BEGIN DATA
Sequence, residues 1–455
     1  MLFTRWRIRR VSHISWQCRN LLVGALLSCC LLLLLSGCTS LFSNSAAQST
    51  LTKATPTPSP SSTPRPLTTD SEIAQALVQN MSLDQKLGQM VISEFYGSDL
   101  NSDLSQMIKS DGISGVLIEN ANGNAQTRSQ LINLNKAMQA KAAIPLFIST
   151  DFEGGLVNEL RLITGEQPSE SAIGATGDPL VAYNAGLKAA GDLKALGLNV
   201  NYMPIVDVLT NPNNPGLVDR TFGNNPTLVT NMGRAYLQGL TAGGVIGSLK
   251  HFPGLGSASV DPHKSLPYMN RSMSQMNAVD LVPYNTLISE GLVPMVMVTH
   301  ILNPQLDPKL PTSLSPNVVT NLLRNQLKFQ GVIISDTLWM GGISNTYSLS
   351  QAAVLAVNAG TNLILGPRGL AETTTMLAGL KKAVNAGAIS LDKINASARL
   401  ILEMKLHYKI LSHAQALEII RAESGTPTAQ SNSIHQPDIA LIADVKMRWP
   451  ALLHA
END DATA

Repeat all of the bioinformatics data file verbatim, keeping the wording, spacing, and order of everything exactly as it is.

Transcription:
Sequence, residues 1–455
     1  MLFTRWRIRR VSHISWQCRN LLVGALLSCC LLLLLSGCTS LFSNSAAQST
    51  LTKATPTPSP SSTPRPLTTD SEIAQALVQN MSLDQKLGQM VISEFYGSDL
   101  NSDLSQMIKS DGISGVLIEN ANGNAQTRSQ LINLNKAMQA KAAIPLFIST
   151  DFEGGLVNEL RLITGEQPSE SAIGATGDPL VAYNAGLKAA GDLKALGLNV
   201  NYMPIVDVLT NPNNPGLVDR TFGNNPTLVT NMGRAYLQGL TAGGVIGSLK
   251  HFPGLGSASV DPHKSLPYMN RSMSQMNAVD LVPYNTLISE GLVPMVMVTH
   301  ILNPQLDPKL PTSLSPNVVT NLLRNQLKFQ GVIISDTLWM GGISNTYSLS
   351  QAAVLAVNAG TNLILGPRGL AETTTMLAGL KKAVNAGAIS LDKINASARL
   401  ILEMKLHYKI LSHAQALEII RAESGTPTAQ SNSIHQPDIA LIADVKMRWP
   451  ALLHA